4) Deliberately consider multiple different experiences of God from the passage in mind. I think this is one of the most productive ways to attempt to properly experience God's expression through Scripture. These different perspectives help us break out of our worldview and so avoid subconscious worldview hijacking of our cognition, so we can consider God's intentions for the passage more clearly. But more profoundly, they help us stick to the first principle of relational experience (rather than cognitive accuracy). If we understand another person's relational experience, it allows us to experience an echo of God ourselves. In addition to the hypothetical 'universal intended experience' we're trying to understand from a passage, it's as if we were experiencing a personalized expression of God by proxy (albeit one with greater potential for error in our understanding, and with less universal benefit than Scripture itself).
5) Start with some 'high yield' perspectives. Perhaps most useful is that of the original intended audience or of the author, since these are clearly going to be integral to God's intended experience of his expression in that passage of Scripture. Also helpful to consider are the experiences of early and/or orthodox church consensus. A final group of helpful perspectives are those of individual saints who you discern to be relating well to God in a holistic sense - these may be dead or living saints, famous or privately known.
6) Allow your cognition to function naturally and form a harmonized view of God as a person. Try to see God through each of the expressions you experience which you deem to be intended by God, or genuine healthy relationships. Remember you are trying to understand a person in the light of all their complex expressions. Don't make a God up who wraps perfectly around all these 'experiences' (this can never take into full consideration the dynamics of person-hood). Instead try to understand the God who expresses Himself in these ways.
7) Don't let our modernistic worldview hijack your cognition and make an idol of it. This is an imperfect process and does not define 'relationship', though it is useful and natural. Do not be distracted away from the aim of relationship with God. Remember that the hypothetical 'universal intended experience' is actually going to be a spectrum of experience, just like any public expression in earthly relationships. Do not become obsessed with the difficulties of forming a harmonized view of God. Focus on God's intentions for Scripture (rather than picking 'the best' interpretation), and focus on God as a person (where Scripture springs from Him, rather than the reverse). Where cognitive perplexity exists, relate to God through this (some perplexity is a normal part of any relationship).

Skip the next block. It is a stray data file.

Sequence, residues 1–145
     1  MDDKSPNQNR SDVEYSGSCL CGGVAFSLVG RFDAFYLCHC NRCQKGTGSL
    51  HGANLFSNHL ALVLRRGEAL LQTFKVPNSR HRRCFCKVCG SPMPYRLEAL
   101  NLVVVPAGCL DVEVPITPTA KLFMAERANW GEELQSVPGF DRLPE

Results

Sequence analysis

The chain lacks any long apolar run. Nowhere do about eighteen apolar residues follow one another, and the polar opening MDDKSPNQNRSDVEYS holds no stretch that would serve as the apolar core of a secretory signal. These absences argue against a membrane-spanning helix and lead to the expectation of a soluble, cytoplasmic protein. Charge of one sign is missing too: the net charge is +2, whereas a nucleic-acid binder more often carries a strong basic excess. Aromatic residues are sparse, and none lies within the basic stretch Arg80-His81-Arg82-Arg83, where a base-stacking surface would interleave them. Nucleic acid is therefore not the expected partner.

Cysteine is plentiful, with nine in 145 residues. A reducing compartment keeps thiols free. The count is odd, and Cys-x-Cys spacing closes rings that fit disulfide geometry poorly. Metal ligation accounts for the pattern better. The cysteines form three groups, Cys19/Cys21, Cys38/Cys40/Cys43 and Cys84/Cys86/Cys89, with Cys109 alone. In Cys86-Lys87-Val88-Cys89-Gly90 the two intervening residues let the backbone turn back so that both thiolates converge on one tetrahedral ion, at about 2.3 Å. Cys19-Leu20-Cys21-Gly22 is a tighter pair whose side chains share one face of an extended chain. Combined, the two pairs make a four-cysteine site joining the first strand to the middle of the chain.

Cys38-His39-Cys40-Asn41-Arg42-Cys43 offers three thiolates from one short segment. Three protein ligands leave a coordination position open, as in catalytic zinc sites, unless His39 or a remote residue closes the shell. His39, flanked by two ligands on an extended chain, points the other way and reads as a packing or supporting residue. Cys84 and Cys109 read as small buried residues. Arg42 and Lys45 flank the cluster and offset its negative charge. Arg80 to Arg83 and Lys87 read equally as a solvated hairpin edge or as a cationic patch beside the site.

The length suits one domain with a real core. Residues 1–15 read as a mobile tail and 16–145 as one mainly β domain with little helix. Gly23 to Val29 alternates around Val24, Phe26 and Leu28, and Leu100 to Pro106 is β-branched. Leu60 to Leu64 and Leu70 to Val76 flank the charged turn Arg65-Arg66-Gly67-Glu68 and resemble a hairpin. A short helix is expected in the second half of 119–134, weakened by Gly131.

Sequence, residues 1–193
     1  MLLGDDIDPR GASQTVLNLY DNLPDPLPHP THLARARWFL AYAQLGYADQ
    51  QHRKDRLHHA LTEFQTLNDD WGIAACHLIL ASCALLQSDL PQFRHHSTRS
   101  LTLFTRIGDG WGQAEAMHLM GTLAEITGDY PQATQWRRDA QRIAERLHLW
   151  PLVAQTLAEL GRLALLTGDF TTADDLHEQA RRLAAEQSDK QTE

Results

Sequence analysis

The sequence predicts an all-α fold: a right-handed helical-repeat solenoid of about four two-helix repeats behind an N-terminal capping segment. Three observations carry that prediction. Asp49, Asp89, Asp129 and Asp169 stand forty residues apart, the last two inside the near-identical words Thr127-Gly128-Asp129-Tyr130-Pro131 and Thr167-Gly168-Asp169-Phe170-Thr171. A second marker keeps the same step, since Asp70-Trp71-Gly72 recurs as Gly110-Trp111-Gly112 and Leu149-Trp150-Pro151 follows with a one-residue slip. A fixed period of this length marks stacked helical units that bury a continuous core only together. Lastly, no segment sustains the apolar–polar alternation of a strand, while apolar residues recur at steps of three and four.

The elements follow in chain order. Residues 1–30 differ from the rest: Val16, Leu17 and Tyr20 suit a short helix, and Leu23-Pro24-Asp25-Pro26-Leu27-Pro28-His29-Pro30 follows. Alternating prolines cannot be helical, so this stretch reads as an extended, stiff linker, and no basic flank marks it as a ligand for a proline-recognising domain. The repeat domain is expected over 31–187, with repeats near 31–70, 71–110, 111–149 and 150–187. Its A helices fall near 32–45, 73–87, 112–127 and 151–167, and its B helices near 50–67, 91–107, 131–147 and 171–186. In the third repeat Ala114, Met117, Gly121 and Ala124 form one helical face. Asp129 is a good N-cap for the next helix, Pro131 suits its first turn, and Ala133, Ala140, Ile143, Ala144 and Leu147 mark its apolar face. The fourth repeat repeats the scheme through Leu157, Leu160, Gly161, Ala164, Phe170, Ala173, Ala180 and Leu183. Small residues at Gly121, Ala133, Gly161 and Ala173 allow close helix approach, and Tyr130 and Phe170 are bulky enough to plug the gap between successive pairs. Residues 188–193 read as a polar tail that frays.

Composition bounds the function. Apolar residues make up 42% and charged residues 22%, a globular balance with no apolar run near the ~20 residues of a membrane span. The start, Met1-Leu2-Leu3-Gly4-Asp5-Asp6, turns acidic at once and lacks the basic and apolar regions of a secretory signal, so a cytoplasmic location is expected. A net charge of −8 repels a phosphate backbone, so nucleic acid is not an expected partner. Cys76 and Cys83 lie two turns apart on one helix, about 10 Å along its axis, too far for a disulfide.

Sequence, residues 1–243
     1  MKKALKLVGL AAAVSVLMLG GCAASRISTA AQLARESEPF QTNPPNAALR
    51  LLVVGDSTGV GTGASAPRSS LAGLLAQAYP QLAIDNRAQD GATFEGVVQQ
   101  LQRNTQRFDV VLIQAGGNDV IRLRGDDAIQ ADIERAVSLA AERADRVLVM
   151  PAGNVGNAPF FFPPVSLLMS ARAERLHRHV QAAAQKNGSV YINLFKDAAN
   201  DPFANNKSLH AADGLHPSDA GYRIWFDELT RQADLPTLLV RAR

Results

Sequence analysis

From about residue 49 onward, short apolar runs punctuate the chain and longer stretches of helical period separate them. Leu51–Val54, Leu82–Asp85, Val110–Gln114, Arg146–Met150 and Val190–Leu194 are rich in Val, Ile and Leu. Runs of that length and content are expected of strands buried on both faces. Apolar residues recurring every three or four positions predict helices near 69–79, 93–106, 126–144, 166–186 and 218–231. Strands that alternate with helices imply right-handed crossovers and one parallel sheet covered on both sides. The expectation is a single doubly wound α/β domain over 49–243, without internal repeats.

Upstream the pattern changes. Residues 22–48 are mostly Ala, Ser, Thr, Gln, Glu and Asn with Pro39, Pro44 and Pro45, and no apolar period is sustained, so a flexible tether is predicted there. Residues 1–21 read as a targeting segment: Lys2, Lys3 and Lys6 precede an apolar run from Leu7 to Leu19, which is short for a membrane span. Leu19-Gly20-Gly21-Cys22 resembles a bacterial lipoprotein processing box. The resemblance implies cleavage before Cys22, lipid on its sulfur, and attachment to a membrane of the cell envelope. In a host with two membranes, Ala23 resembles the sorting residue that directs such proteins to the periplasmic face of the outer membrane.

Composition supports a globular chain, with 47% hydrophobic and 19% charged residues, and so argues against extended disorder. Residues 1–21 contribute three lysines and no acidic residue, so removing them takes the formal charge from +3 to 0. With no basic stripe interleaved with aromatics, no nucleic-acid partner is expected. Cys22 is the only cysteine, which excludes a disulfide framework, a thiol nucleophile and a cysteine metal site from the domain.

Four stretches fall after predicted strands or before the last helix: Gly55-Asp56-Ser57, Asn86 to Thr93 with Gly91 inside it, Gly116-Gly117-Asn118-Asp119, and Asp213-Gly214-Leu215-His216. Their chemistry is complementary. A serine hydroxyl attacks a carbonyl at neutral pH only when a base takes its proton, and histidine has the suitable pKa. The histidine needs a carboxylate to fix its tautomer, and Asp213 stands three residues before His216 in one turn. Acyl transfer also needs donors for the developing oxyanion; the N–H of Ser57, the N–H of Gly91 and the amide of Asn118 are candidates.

Its more (or less) intuitive
This approach is fairly intuitive and natural - read the passage for what it is, and consider the spectrum of legitimate ways to experience God through it (even if they contain different mixes of cognitive gaps). Despite its simplicity and intuitiveness, this approach IS difficult - because our worldview isn't happy with cognitive gaps, and because this approach requires us to put aside our preferred priorities and seek God as HE wishes to be found.
Reading Scripture should utilize cognition to focus the rest of our faculties and allow our whole being to experience God as He intends. At the same time we need to be vigilant not to focus excessively on our cognition, or elevate its importance above other aspects of relationship. One way to do this is to deliberately consider the spectrum of legitimate experiences of others through Scripture - including the original audiences and authors, church consensus, and individual saints. We should let our cognition form a harmonized view of God, a God who would express Himself through all these experiences. But there will always be perplexities of person-hood and relationship that our cognition cannot 'solve', and we need to be careful not to assume that this means something is 'wrong', and not to let this distract us from relationship.